All is Knot Lost: The Art of Celtic Knotwork
Annie Stark preserves traditional Celtic knotwork by turning it into modern, wearable art.
Any given day at any given hour, Annie Stark is likely celebrating her Irish heritage. After finishing an Irish dance teaching session at the Driscoll School of Irish Dance in Shawnee, Kansas, she heads off to rehearsal with professional Irish dance company Céilí at the Crossroads. She wraps up gigs with her Irish band, Jump 2-3, just in time to give a violin lesson. She follows hours-long training sessions for Irish dance competitions with a stop by Browne’s Irish Marketplace, where the owners are longtime family friends. In short, she loves her Irish heritage and its traditions.
It should come as no surprise, then, that in between her many engagements, Stark runs Rince Couture, a company aimed at preserving an old but increasingly commercialized Irish tradition: Celtic knotwork.
Celtic knots are abundant in Irish culture, with images of knots adorning monuments, manuscripts and more. In Irish dance, Celtic knots traditionally decorate dance costumes, with each knot and textile carrying a different meaning. Some represent friendship and love; others wealth, prosperity and luck. However, where dresses were once carefully handmade by family members, they’re now manufactured in bulk by big-name dressmakers. “It’s all about the season’s trends,” Stark says, “so it doesn’t mean as much.”
So Stark set out to change this. Initially, she created knotwork hairpieces for herself to wear during Irish dance. “I’ve always liked the old tradition, and I just kind of missed it on the costumes,” she says. She found an online tutorial, bought some cord and learned how to make small knots, which she then attached to headbands. Then, one day, a teacher at Driscoll dance school asked if Stark could make hairpieces for everyone at the school to match their dance costumes. In came Rince Couture. (Rince, pronounced “reen-kuh,” means “dance” in Irish.) “I figured if one school wants them, maybe I could sell it as a side business,” Stark says.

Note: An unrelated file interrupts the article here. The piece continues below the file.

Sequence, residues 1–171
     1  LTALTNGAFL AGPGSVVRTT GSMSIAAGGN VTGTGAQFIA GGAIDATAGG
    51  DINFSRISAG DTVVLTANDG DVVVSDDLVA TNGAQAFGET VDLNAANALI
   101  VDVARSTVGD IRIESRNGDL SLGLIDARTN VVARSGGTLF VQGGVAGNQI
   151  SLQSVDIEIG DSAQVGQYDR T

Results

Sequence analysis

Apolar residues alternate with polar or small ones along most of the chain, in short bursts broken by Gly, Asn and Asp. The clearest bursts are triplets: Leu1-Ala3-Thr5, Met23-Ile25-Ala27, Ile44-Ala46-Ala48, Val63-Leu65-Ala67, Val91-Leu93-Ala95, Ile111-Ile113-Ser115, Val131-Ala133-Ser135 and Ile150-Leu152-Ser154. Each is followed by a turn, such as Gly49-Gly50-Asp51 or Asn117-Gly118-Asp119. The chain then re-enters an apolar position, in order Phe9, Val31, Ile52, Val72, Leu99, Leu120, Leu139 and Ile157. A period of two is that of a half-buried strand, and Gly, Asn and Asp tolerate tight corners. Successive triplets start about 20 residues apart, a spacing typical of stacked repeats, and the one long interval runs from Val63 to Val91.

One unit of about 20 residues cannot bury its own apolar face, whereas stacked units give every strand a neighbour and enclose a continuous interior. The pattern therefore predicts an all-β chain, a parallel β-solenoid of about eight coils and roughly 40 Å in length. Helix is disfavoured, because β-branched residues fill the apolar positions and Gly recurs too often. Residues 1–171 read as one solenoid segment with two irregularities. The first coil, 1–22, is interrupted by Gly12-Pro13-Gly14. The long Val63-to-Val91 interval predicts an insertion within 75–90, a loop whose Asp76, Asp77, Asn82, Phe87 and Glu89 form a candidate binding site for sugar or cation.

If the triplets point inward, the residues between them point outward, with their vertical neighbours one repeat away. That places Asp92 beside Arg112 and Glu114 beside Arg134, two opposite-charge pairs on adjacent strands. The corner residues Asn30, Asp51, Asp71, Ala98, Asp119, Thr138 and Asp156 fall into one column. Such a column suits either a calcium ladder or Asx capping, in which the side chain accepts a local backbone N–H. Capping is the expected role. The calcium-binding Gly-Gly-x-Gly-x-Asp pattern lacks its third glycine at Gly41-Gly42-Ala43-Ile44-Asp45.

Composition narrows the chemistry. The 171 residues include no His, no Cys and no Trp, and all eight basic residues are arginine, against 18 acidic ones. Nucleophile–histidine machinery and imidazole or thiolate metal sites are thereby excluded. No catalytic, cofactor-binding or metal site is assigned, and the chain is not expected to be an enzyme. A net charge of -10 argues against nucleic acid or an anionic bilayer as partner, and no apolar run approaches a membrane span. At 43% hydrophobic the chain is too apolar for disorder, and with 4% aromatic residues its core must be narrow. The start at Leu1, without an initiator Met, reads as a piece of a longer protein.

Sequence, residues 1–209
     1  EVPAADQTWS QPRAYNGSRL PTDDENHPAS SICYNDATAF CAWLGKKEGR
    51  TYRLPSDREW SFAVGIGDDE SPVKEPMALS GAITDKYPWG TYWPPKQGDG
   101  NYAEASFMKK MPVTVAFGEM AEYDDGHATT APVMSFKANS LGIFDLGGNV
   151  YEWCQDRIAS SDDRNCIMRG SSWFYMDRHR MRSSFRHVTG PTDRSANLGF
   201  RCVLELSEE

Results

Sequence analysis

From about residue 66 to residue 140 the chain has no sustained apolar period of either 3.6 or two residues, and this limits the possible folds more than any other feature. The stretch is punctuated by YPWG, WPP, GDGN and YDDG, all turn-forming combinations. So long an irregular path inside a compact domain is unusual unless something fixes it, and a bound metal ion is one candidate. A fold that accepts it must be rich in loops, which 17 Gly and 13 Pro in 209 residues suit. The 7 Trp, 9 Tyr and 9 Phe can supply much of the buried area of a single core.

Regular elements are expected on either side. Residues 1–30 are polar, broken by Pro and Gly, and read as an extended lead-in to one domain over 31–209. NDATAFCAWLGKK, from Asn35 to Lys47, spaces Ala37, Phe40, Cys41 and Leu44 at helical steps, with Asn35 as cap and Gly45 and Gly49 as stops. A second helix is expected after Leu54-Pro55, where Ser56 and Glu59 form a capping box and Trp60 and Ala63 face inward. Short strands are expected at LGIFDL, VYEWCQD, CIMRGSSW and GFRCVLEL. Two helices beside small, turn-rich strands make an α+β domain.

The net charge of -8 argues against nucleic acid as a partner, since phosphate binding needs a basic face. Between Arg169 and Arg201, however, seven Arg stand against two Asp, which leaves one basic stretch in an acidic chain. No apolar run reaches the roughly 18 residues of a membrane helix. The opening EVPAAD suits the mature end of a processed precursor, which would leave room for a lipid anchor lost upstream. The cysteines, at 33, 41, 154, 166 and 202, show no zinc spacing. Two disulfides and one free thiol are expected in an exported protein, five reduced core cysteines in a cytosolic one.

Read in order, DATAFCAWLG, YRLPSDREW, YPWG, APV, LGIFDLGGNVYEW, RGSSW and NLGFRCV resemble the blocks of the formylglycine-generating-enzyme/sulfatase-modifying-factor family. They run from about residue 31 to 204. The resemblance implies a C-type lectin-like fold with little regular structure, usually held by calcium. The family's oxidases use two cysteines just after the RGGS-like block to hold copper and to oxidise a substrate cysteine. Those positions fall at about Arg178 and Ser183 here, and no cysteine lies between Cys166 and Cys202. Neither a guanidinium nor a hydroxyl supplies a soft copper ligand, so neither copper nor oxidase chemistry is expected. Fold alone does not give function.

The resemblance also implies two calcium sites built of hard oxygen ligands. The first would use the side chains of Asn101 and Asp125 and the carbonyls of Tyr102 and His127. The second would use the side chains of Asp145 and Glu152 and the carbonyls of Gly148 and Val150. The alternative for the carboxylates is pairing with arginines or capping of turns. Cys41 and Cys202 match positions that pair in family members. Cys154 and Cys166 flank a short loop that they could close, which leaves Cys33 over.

And, she says, she could. In just four years, she’s sold products worldwide, including in Ireland, Canada, Australia, Great Britain and even Japan. But they’re not just for Irish dancers. “I wanted to bring back the knotwork patterns but still keep it modern so people will enjoy wearing them,” she says. Stark has made earrings, necklaces, wall hangings, bracelets, baby headbands, keychains and other everyday, every-person products. She’s one of the first artists, if not the first, to turn Celtic knotwork into wearable, functional accessories.
No matter the piece, the process typically begins the same. Working from her home studio, Stark sticks sewing needles into a piece of cork, arranging them in whatever knot pattern she wants to create. Then, one-by-one, she weaves each strand of cord in and around the needles to create the knot. It’s kind of like coloring, except Stark “draws” the pattern and “colors it in” with cord. Once the knot is done, Stark transforms it into an accessory. The larger the piece, the longer it takes, but a small set of earrings takes about an hour to complete. Stark devotes around three hours to Rince Couture each day.
Right now, most of her work is commissioned. Oftentimes dance schools order hundreds of pieces for their costumes. “That part’s the most difficult,” Stark says. “I’m just tying the same knot over and over, and it gets really repetitive.” During those monotonous spells, Stark spices things up with murder podcasts.
Additionally, she tries to make something creative and non-commissioned each week. “I spend a lot of time wandering around Hobby Lobby or Joanne’s or on Etsy looking at all the fabrics and textiles and finding the color and patterns I like,” Stark says, “and then I think about what that textile will function well as.” She continually tries out different knots and turns them into new items, such as fascinator hats or coasters. “It’s fun to do something new because then I’m not just working with knots,” Stark says. “I’m working with netting and other materials.”
In the coming years, Stark hopes to continue growing her customer base and to expand the non-Irish-dance side of her company. She still remembers how excited she was the first time she saw someone in town wearing a pair of her earrings, and she wants to make that more common. She hopes participating in more art shows and getting her work into museums, shops and boutiques around town will help accomplish this.
And, mostly, she wants to continue preserving a tradition that means so much to her and her family. “It’s part of our history and culture,” Stark says. “I want to bring it back.”